This book provides an overview to researchers, graduate, and undergraduate students, as well as academicians who are interested in arsenic. It covers human health risks and established cases of human ailments and sheds light on prospective control measures, both biological and physico-chemical.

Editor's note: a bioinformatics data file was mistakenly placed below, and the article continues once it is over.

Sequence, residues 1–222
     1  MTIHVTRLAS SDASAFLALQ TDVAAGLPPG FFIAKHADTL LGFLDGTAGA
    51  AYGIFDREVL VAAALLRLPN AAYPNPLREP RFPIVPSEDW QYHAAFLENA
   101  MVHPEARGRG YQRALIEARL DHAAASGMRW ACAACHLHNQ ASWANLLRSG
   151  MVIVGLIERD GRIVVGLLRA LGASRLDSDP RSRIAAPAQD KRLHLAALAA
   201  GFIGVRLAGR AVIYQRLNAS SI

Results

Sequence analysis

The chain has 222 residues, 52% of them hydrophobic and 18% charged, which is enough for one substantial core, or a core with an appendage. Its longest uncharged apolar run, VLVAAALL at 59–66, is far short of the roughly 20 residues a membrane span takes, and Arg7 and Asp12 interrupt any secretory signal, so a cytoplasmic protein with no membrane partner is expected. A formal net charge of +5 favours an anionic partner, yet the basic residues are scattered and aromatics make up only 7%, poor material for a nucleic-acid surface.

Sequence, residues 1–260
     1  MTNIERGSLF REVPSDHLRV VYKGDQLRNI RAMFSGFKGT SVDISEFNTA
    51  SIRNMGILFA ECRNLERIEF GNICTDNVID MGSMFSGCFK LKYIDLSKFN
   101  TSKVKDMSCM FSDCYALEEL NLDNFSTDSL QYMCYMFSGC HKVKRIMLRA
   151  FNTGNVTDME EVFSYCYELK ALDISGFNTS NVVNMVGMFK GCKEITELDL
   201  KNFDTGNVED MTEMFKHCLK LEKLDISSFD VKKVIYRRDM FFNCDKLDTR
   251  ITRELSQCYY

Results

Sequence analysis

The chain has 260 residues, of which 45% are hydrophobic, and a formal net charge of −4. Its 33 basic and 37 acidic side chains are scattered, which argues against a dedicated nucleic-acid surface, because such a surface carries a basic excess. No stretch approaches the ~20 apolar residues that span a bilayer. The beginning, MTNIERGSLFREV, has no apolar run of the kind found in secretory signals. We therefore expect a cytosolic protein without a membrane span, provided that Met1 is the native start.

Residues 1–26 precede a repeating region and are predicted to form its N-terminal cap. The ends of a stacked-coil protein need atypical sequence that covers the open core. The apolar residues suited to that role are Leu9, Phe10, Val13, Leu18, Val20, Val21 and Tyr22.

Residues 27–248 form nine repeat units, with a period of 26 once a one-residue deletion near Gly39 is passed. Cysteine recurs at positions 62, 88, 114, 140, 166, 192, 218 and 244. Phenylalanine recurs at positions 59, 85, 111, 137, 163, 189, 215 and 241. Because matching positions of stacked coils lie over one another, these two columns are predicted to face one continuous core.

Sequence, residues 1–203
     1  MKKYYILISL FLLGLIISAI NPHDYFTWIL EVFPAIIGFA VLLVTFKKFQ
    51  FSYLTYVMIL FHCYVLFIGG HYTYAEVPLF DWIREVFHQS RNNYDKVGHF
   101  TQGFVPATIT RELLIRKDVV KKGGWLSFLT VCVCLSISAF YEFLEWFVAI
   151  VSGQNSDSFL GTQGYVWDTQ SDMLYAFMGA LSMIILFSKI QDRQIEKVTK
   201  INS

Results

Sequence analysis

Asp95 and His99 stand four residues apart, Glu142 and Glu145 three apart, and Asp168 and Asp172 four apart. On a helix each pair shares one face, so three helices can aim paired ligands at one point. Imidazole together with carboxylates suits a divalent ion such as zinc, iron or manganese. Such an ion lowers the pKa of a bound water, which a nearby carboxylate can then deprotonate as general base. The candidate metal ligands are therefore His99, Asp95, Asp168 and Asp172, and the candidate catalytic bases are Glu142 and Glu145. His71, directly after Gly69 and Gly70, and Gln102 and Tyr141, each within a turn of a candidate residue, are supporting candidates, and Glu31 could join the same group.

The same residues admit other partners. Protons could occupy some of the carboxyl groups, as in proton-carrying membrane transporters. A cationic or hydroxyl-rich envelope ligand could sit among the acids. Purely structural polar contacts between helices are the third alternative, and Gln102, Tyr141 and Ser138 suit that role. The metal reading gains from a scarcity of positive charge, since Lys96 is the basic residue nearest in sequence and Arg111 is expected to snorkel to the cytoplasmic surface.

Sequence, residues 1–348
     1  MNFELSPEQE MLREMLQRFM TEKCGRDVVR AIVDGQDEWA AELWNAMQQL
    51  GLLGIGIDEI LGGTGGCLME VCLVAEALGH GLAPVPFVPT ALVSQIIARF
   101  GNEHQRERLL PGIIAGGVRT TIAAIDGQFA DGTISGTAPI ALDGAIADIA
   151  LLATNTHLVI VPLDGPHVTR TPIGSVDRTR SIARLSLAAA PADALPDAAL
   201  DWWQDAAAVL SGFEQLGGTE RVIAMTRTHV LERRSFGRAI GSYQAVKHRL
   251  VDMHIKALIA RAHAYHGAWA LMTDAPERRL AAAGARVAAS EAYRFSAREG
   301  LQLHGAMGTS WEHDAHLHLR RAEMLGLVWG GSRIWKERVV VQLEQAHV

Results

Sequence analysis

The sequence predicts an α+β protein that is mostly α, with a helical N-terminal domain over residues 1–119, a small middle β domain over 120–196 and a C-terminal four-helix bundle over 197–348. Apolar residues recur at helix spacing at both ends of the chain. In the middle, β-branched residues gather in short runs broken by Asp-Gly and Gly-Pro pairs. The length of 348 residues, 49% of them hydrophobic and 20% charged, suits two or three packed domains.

Arsenic (As) is a widely distributed element in the environment having no known useful physiological function in plants or animals. Historically, this metalloid has been known to be used widely as a poison. Effects of arsenic have come to light in the past few decades due to its increasing contamination in several parts of world, with the worst situation being in Bangladesh and West Bengal, India. The worrying issue is the ingestion of arsenic through water and food and associated health risks due to its carcinogenic and neurotoxic nature. The impact of the problem is widespread, and it has led to extensive research on finding both the causes and solutions. These attempts have allowed us to understand the various probable causes of arsenic contamination in the environment, and at the same time, have provided a number of possible solutions. It is reported that more than 200 mineral species contain As. Generally, As binds with iron and sulfur to form arsenopyrite. According to one estimate from the World Health Organization (WHO), contextual levels of As in soil ranges from 1 to 40 mg kg-1. Arsenic toxicity is related to its oxidation state which is present in the medium. As is a protoplastic toxin, due to its consequence on sulphydryl group it interferes in cell enzymes, cell respiration and in mitosis. Exposure of As may occur to humans via several industries, such as refining or smelting of metal ores, microelectronics, wood preservation, battery manufacturing, and also to those who work in power plants that burn arsenic-rich coal.